The Greenway TrailPosted: January 22, 2007 Filed under: hiking, nature, sabbatical, travel 3 Comments
On Thursday M took off from work and we took a little daytrip to Maryland to hike on the Greenway Trail and to see the birds at the Conowingo Dam. We didn’t have the best of weather. It was cloudy and gray, a very gloomy day. The temperature stayed pretty steady, around 33-34 degrees (F). There was rain, possibly snow, and lots of wind in the forecast for the rest of the weekend. As it turned out, the gray and gloomy day was our best choice. The sun did come out on Friday and Saturday, but the wind was wicked, whistling and whipping so that the cold slices right through you. So, the gloomy day really was our best choice.
We did our hiking on the portion of the Greenway Trail that starts at the Susquehanna State Park. Had the weather been nicer, we’d have hiked from there to the dam (2.7 miles one way). About a mile into our hike we decided it was a little too chilly so we turned around and then drove up to the dam.
The hike starts near the Stafford flint furnace, a portion of which is still standing (pictured below). The best description I could find of the trail is at a mountain biking website. You can read the description here if you’re interested in more details.
Remains of the Stafford flint furnace. Stafford was once a thriving town and this is pretty much all that’s left of it. In the 1740’s, George Rock built an iron works (Rock Forge). Other furnaces, forges, mills, and industries popped up soon after. The population of the town fluctuated based on the rise and fall of the industries. At one point the town was prosperous enough to have a school and post office. Most of the town was destroyed by an ice gorge in 1904.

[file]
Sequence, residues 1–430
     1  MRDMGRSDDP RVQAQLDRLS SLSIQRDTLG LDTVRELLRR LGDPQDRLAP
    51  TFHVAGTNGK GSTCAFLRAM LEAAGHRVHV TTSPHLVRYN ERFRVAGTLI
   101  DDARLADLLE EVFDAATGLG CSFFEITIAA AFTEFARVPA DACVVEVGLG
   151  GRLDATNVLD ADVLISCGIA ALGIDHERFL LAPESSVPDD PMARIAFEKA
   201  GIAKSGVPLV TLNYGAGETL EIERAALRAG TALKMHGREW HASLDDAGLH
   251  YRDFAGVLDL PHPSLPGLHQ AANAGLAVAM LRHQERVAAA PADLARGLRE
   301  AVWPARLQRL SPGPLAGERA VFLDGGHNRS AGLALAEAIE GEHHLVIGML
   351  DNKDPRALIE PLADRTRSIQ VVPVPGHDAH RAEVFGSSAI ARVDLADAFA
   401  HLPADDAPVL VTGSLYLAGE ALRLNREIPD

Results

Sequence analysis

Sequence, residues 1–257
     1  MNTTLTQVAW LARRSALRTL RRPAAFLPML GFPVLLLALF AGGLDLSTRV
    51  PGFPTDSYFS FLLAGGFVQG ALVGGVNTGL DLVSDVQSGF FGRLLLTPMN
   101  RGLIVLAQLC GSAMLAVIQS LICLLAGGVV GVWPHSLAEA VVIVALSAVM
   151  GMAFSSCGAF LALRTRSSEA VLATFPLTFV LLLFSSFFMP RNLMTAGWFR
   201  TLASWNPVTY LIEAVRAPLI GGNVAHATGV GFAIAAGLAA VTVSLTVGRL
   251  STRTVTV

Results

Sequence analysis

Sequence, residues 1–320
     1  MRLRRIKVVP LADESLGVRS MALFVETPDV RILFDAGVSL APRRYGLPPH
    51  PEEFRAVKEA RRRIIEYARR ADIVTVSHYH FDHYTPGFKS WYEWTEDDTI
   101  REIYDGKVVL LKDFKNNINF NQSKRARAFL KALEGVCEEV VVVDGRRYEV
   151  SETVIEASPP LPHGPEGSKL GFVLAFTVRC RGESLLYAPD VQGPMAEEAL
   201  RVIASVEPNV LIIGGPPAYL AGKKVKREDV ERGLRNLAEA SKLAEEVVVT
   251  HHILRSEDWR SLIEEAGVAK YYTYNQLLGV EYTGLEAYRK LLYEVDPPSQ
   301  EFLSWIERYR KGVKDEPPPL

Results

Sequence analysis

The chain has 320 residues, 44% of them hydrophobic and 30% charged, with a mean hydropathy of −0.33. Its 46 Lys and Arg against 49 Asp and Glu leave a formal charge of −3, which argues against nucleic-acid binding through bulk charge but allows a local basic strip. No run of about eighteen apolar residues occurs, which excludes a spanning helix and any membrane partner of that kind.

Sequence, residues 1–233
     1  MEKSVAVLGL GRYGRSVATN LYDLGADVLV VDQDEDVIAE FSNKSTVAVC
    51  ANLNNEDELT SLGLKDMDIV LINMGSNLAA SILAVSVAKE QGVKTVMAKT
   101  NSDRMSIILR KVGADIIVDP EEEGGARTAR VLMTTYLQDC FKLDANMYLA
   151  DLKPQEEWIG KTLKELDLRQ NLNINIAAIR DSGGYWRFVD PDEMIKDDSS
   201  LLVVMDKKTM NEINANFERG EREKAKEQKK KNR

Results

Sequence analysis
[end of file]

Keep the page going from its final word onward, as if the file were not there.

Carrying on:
White flint was quarried nearby. The flint was layered into the furnace, alternating with wood, and set on fire. The heat dried out the water in the flint, causing it to crack into large pebbles. The pebbles were then ground into a powder. The powder was sent by canal to Trenton, New Jersey and used in porcelainizing pots and pans and in porcelain china.
The trail, at least on the portion we were on, is fairly flat and wide. Easy hiking. Some of it runs along an old railway grade.
The creek is almost frozen over. Gives you some idea of how cold it was out there.
This is an amazing tree. I took a photo of M standing near the bottom to give some perspective on just how big it is.
Close up of the bottom of the tree. It looks a lot like camouflage, doesn’t it?
The Susquehanna River. It was running pretty high and fast.
Remains of an old stone wall near the state park.
I’ll post the photos from the Conowingo Dam tomorrow. Or sometime soon.
(All photos by Robin. 2007)